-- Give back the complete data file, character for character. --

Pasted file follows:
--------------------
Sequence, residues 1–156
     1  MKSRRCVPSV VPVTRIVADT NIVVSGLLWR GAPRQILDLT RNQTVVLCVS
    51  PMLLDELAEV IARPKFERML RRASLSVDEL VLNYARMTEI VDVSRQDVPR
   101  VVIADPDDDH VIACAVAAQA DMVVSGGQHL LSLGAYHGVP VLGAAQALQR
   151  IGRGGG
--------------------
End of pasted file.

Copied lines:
Sequence, residues 1–156
     1  MKSRRCVPSV VPVTRIVADT NIVVSGLLWR GAPRQILDLT RNQTVVLCVS
    51  PMLLDELAEV IARPKFERML RRASLSVDEL VLNYARMTEI VDVSRQDVPR
   101  VVIADPDDDH VIACAVAAQA DMVVSGGQHL LSLGAYHGVP VLGAAQALQR
   151  IGRGGG